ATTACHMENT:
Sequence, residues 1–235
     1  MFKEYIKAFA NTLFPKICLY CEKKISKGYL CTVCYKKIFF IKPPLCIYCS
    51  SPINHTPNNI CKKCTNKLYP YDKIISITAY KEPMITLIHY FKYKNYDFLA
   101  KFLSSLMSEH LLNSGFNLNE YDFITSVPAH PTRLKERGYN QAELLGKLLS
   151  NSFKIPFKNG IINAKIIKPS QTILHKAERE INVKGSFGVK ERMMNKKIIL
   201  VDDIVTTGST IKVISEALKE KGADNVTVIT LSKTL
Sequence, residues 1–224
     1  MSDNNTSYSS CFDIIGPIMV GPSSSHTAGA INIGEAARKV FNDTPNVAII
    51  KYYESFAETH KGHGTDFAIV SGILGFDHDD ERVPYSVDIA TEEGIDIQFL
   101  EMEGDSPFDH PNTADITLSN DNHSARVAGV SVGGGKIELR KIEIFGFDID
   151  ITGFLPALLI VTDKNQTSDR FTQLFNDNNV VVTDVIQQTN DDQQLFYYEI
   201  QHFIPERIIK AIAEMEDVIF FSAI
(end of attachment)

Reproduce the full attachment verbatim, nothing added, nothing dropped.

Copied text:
Sequence, residues 1–235
     1  MFKEYIKAFA NTLFPKICLY CEKKISKGYL CTVCYKKIFF IKPPLCIYCS
    51  SPINHTPNNI CKKCTNKLYP YDKIISITAY KEPMITLIHY FKYKNYDFLA
   101  KFLSSLMSEH LLNSGFNLNE YDFITSVPAH PTRLKERGYN QAELLGKLLS
   151  NSFKIPFKNG IINAKIIKPS QTILHKAERE INVKGSFGVK ERMMNKKIIL
   201  VDDIVTTGST IKVISEALKE KGADNVTVIT LSKTL
Sequence, residues 1–224
     1  MSDNNTSYSS CFDIIGPIMV GPSSSHTAGA INIGEAARKV FNDTPNVAII
    51  KYYESFAETH KGHGTDFAIV SGILGFDHDD ERVPYSVDIA TEEGIDIQFL
   101  EMEGDSPFDH PNTADITLSN DNHSARVAGV SVGGGKIELR KIEIFGFDID
   151  ITGFLPALLI VTDKNQTSDR FTQLFNDNNV VVTDVIQQTN DDQQLFYYEI
   201  QHFIPERIIK AIAEMEDVIF FSAI